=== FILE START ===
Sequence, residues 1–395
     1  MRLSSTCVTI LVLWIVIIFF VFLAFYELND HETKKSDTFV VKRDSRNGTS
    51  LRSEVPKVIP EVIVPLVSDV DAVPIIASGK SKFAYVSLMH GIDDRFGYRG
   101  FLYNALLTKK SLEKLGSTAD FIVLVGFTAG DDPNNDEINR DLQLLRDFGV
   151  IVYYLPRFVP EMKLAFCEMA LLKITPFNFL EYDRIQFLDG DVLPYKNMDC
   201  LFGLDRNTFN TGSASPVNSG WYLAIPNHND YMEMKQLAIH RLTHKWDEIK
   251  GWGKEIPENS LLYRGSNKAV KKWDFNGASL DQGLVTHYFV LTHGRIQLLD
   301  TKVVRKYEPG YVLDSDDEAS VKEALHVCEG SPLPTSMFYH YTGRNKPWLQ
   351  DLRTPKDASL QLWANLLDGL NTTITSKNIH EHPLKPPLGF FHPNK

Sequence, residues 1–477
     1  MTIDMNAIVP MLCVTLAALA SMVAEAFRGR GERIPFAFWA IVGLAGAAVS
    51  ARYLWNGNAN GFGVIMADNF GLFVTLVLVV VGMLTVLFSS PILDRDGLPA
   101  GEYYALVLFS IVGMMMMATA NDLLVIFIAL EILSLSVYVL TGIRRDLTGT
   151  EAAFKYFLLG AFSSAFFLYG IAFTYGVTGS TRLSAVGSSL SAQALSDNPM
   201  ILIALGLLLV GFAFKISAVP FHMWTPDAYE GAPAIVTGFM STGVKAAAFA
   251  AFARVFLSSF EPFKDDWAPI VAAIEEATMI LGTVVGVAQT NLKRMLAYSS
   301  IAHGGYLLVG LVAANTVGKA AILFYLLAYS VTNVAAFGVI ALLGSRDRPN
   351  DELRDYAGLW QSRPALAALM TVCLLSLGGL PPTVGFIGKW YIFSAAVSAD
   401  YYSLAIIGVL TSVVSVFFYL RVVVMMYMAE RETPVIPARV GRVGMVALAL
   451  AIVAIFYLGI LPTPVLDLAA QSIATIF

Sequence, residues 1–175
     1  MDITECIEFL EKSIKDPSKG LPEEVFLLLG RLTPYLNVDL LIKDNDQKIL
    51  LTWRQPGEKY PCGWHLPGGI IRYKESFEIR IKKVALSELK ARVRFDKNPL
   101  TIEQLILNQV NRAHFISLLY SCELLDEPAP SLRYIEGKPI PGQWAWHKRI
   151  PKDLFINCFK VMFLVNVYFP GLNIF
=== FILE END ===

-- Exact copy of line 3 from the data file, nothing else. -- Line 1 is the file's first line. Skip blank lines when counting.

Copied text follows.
    51  LRSEVPKVIP EVIVPLVSDV DAVPIIASGK SKFAYVSLMH GIDDRFGYRG